Summit Stage set to add Park County commuter bus with stops in Alma and Fairplay
Summit Stage will soon be rolling out a bus route from Breckenridge to Alma and Fairplay in neighboring Park County, part of an emerging five-year operations plan that could significantly change the free bus system’s routes for the first time in years.
Summit Stage, which is run by the county government, is still in talks with officials in Park and Summit counties but has secured preliminary financial commitments from the jurisdictions involved, operations manager Geoff Guthrie said.
Transportation officials have mulled the idea of a commuter line into Park County for years, and a recent rider survey showed that the idea is highly popular with riders, the majority of whom are full-time locals that use the bus to commute.
The cost of purchasing a bus has presented the biggest obstacle. But the Colorado Department of Transportation is now prepared to donate a bus for the route, clearing the way for the new route as soon as the late summer.
“We told the group here’s a draft proposed timetable structured as a commuter route, so like two or three runs from Fairplay into Breckenridge in the morning and then vice versa in the evening, similar to the Leadville route,” Guthrie said, referring to a December meeting. “We gave everybody a tentative, ballpark estimate of operating costs based on the amount of trips that we’re going to offer.”
The Leadville commuter route, known as the Lake County Link, will provide the framework for the new route. Since its inception in 2009, the route has seen tremendous growth, from roughly 4,000 annual riders to around 26,000 last year, Guthrie said.
The growing popularity of the route likely reflects how rising cost of living in Summit County and an acute shortage of housing have pushed many workers to the more affordable Lake County, Guthrie said. The same is likely true for Park County, and Guthrie expects the new route would be popular as well.
“Anecdotally we’re seeing way more people moving over there than ever before because they’re simply being priced out of Summit County,” he said.
Sixty-two percent of Summit Stage riders are locals, and 44 percent ride the bus almost every day, according to the latest rider survey. Serving that core ridership is one of the system’s top priorities, Guthrie said. But it’s also important to start reaching people who drive their own cars because it’s faster and more convenient.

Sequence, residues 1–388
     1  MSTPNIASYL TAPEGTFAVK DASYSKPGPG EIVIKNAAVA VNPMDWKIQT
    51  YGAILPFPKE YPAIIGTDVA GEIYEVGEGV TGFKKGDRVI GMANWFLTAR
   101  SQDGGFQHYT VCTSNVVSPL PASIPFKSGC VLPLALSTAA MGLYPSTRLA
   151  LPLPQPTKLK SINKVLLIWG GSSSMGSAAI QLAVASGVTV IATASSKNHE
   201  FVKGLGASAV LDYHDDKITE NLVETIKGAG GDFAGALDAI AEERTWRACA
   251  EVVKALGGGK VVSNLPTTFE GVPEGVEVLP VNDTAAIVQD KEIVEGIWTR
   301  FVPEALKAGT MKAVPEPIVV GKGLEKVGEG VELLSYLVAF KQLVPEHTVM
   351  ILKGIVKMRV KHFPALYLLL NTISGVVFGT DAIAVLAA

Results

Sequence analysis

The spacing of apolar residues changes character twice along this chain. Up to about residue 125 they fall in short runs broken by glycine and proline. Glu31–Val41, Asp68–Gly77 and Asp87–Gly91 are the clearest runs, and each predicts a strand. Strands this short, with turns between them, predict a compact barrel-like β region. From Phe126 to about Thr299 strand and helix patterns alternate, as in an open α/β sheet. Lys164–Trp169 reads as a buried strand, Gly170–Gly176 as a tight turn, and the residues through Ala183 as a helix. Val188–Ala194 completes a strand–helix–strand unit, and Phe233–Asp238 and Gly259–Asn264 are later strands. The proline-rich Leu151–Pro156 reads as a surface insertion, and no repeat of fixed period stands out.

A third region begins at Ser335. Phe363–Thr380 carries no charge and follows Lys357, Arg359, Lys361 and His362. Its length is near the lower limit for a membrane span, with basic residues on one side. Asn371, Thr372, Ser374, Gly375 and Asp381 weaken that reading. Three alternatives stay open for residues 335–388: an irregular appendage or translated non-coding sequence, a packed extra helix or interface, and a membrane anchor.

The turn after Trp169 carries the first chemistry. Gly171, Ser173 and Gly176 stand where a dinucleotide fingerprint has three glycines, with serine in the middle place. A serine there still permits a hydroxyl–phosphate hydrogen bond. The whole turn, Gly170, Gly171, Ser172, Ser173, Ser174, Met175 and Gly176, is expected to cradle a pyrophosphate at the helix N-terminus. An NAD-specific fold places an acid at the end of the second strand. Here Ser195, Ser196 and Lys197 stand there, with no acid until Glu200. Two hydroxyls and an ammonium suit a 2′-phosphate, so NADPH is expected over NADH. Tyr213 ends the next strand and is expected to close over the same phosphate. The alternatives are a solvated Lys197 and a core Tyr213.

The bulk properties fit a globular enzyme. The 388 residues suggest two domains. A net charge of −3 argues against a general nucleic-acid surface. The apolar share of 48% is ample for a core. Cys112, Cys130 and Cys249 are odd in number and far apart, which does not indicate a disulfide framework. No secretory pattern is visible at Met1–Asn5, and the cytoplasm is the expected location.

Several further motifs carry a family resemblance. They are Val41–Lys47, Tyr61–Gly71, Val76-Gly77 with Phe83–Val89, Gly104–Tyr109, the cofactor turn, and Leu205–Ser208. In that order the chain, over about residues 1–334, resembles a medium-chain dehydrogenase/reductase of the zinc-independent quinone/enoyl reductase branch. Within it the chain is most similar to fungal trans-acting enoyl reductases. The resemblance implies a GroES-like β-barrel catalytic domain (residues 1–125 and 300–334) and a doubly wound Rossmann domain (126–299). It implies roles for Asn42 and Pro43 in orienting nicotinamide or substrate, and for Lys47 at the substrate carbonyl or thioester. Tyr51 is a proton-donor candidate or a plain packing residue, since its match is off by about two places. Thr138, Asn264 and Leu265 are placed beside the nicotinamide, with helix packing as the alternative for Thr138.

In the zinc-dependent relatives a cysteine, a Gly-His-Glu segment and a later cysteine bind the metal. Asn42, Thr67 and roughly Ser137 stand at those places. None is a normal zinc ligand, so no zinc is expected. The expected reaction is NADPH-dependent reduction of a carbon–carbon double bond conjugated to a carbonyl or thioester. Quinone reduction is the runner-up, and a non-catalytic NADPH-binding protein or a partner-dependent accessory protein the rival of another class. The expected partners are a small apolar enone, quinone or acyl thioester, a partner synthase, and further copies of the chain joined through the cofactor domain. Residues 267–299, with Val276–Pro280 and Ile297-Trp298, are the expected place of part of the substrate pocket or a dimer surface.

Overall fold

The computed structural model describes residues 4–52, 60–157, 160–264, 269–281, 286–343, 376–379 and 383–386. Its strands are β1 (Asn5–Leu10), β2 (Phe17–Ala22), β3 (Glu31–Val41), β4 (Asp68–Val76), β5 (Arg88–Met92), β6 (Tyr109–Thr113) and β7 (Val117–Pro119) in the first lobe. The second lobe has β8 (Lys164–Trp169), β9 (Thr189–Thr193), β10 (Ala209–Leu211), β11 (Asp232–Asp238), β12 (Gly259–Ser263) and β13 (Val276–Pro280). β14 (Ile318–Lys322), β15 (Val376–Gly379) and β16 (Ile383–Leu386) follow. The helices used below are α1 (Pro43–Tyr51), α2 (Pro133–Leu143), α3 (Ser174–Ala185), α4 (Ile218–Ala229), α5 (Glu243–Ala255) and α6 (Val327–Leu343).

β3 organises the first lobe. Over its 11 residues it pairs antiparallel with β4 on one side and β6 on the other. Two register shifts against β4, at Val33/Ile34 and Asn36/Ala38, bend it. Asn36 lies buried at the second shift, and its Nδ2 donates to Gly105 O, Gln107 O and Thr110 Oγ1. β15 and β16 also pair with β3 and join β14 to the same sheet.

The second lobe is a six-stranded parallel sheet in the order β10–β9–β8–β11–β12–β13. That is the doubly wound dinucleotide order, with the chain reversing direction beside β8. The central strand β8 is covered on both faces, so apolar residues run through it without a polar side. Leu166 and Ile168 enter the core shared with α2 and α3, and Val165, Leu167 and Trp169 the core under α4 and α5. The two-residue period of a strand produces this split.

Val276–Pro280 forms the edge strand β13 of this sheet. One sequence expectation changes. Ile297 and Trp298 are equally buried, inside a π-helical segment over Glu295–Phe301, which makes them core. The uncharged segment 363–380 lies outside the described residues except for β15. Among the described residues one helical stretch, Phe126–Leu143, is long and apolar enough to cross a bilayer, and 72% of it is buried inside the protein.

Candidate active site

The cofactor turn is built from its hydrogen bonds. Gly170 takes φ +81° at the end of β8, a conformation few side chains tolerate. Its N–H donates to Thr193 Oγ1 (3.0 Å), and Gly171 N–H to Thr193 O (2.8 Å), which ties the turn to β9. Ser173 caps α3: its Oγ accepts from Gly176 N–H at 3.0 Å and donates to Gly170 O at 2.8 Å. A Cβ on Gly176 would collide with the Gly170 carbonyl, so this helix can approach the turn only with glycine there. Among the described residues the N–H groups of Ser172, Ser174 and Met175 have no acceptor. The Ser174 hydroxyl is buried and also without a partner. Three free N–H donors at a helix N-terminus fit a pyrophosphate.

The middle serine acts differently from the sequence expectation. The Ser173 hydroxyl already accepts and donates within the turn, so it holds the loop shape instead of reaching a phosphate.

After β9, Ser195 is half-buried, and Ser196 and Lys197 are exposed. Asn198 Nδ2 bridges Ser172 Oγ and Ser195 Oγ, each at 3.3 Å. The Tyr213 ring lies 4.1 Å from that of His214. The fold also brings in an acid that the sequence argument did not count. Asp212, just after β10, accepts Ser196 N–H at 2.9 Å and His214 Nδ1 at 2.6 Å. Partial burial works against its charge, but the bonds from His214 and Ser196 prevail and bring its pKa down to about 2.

“We need to attract the single-occupancy vehicle people who can afford their own car and can afford that drive to work,” Guthrie said. “ So if they hop on the bus instead, we can reduce congestion all around. The challenge is making it convenient enough so that people will actually do that.”
To that end, Summit Stage is considering a circulator system of routes separate from the large town-to-town lines. The Silverthorne to Keystone line is currently the most popular among those because it stops in Dillon Valley, a community of mostly locals and full-time residents.
Large, 40-passenger buses would continue to travel those routes but would make fewer stops in town, with the goal of moving as quickly as possible back and forth over highways. A second set of circulator lines could then use a fleet of smaller vehicles to shuttle people to different spots within towns.
That is likely to be part of Summit Stage’s next five-year operating plan, set to be developed by consultants this summer after a bidding process. Those recommendations could include a direct Frisco to Dillon line made possible by a recent handshake deal with local officials to exempt buses from weight restrictions on Dillon Dam Road.
The plan will also address how to maintain and upgrade Summit Stage’s fleet, which could include hybrid or electric buses in the future. Guthrie said Summit County’s bus system needs to keep pace with the development that has dramatically changed the area’s complexion in the past decade.
Now, for instance, shoulder season lulls are basically nonexistent from Summit Stage’s perspective, requiring the system to keep its fleet of buses and drivers at nearly full strength year-round.
“What we’ve been noticing is that it’s time for us to analyze our current route structure and then try to figure out how to more efficiently and quickly move people between our main stations,” Guthrie said.
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